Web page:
There really isn't any danger either to simply open the door on the breaker itself because the "business end" is packed in behind the body of the breaker where it is not very accessible. Most of the time the door is really just a thin piece of sheet metal that prevents accidentally poking something such as a stick of conduit back into the breaker and some dust protection. The door itself doesn't have anything mounted on it. Things take a big step up though the moment that for instance someone wants to reach in past the breaker to where the stabs are at to do something (if it is even accessible for this). Here obviously "full blown" protection becomes necessary. I know it sounds like this is an utterly stupid act but I can think of a particular customer, a prison, where something happened in the past where some insulated case breakers were actually fused onto the bus work. We could see the stabs were burned a bit while looking from a safe distance and we knew from trying that these breakers simply would not budge at all but we couldn't really see what's going on without sticking a mirror or a camera back there to have a look around. That's obviously where again things get downright dangerous so gloves and full arc flash protection becomes necessary.

Finally we have to consider racking breakers on and off the bus for drawout style breakers. Every time I've ever done it, I've never had a problem. But I've heard horror stories and I've seen the results. Once in a while something goes horribly wrong during racking in (never heard or seen it for racking out). Mostly I've heard of stabs misaligning and folding over to where it bridges to another stab. With some breaker designs I can see this but with others the stabs are not physically long enough to do this so I'm at a loss as to how this kind of thing happens. Suffice to say though that erring on the side of caution is the best approach. So the full arc flash PPE makes sense but I'd have o strongly question whether or not shock protection is needed during this task.

So for even something as simple as a draw out breaker it should be obvious that sometimes arc flash PPE is needed and sometimes it isn't. Similarly sometimes shock PPE is needed and sometimes it isn't. There is no one-size-fits-all case.

A final word can be said for the "under 1.2 cal/cm2" case. If the equipment is not labeled then what is the incident energy rating? Do you go by the tables or is this an indication that it is under 1.2 cal/cm2? No label leads to confusion. And don't tell me you can always tell because you can't. I was just at a plant earlier this week where the issue is that under certain circumstances during operation they would put their largest motor under a heavy load and trip out the system. But the "trip" in this case is to trip out the utility fuses which caused a lot of downtime waiting on a lineman to come out to swap fuses. If the high side of the transformer was 34.5 kV then everything looked to be as it should and this should not be happening. But the actual build looked a whole lot more like a 15 kV system (and thus system voltage was more likely 12.47 kV) in which case the utility fuse was badly miscoordinated with just about everything. The utility couldn't supply that information without getting engineering involved which was going to take longer than I had so I just had to work with what I had. The utility just didn't label anything aside from the low side. And this isn't a local EMC or REA...it is the largest utility in the United States.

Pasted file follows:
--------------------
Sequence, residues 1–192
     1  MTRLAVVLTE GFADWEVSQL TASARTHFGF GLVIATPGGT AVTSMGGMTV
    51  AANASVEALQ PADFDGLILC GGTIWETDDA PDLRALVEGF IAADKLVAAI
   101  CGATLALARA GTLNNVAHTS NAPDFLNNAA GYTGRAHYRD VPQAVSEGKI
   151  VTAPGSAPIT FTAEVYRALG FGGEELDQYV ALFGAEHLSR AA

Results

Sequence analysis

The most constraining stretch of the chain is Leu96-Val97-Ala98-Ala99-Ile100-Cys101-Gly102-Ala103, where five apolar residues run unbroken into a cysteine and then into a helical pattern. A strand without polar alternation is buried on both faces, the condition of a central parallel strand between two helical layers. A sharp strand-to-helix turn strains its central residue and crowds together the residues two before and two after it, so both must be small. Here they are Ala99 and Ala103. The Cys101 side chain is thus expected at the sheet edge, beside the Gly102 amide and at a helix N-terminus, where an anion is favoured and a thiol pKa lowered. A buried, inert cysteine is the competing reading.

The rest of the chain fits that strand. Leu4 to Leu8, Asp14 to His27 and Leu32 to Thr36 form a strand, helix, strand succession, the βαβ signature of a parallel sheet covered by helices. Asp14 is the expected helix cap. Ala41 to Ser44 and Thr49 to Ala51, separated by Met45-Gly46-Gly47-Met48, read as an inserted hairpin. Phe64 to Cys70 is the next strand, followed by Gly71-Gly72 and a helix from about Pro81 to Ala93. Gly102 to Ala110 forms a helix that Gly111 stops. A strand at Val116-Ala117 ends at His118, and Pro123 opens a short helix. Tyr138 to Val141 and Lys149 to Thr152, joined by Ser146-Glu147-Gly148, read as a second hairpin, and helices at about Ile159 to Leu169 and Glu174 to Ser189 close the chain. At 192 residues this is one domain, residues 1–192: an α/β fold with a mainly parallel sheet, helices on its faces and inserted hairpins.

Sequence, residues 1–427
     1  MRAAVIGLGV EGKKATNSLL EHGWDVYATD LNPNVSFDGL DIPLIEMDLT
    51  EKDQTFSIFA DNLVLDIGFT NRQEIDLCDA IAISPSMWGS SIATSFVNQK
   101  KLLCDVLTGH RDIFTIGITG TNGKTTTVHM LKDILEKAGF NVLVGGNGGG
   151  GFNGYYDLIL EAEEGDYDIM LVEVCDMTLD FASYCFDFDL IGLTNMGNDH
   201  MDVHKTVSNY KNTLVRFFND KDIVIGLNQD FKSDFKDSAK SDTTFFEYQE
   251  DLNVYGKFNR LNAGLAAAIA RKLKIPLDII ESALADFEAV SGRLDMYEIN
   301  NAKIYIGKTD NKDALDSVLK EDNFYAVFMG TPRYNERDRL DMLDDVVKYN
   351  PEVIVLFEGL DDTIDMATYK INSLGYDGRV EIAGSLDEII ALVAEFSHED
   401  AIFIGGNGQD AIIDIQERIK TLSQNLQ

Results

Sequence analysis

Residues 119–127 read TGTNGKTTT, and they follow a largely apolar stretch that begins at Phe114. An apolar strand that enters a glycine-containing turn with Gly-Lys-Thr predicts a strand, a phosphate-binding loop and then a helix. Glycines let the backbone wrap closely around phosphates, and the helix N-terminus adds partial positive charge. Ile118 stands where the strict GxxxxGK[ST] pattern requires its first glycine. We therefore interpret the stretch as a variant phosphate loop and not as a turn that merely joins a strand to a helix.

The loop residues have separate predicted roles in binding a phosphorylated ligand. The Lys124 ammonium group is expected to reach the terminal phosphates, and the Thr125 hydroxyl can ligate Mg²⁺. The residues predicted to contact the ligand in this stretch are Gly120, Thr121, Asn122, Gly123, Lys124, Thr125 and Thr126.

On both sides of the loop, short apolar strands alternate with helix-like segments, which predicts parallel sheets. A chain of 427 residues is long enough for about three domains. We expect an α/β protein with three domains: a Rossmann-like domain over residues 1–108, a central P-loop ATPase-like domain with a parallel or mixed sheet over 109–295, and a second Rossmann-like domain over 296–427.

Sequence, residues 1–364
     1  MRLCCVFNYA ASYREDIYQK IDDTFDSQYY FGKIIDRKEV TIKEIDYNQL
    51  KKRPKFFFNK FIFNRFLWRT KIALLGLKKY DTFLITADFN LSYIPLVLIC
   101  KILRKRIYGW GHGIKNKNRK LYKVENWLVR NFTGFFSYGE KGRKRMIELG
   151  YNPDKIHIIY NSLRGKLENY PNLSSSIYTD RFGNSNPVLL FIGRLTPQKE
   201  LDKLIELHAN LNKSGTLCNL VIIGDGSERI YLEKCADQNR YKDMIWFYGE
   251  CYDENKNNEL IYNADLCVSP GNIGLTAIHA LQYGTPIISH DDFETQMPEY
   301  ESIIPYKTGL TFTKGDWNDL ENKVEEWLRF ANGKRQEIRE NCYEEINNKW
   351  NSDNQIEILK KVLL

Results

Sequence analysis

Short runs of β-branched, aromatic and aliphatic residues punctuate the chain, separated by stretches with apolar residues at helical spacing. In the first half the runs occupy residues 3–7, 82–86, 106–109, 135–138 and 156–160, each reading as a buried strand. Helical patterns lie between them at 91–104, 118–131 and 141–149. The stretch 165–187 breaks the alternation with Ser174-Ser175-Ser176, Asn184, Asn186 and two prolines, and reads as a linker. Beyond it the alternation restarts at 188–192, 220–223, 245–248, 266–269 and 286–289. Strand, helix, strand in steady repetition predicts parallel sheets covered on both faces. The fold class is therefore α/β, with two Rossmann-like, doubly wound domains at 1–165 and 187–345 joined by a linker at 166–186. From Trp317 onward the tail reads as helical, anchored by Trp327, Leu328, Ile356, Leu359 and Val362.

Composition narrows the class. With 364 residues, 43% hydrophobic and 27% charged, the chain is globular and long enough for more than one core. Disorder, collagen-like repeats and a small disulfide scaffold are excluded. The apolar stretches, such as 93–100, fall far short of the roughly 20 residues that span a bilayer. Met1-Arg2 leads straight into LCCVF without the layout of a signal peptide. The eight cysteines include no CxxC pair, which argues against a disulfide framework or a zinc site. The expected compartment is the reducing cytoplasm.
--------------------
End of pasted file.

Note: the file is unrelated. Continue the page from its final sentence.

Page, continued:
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 Post subject: Re: Significance of an Equipment Labels PPE Requirements
PostPosted: Mon Feb 12, 2018 7:59 am 
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Thanks for the response Paul, I fear my question was to wordy, let me try it this way. If a technician were standing inside an arc flash boundary wearing less cals (or no cals of protection) than the labeled equipment called for would OSHA consider it a violation? If they would then wouldn't this make the arc flash risk assessment meaningless because you would always be dressed as if the flash was going to happen. If they wouldn't then the risk assessment makes sense.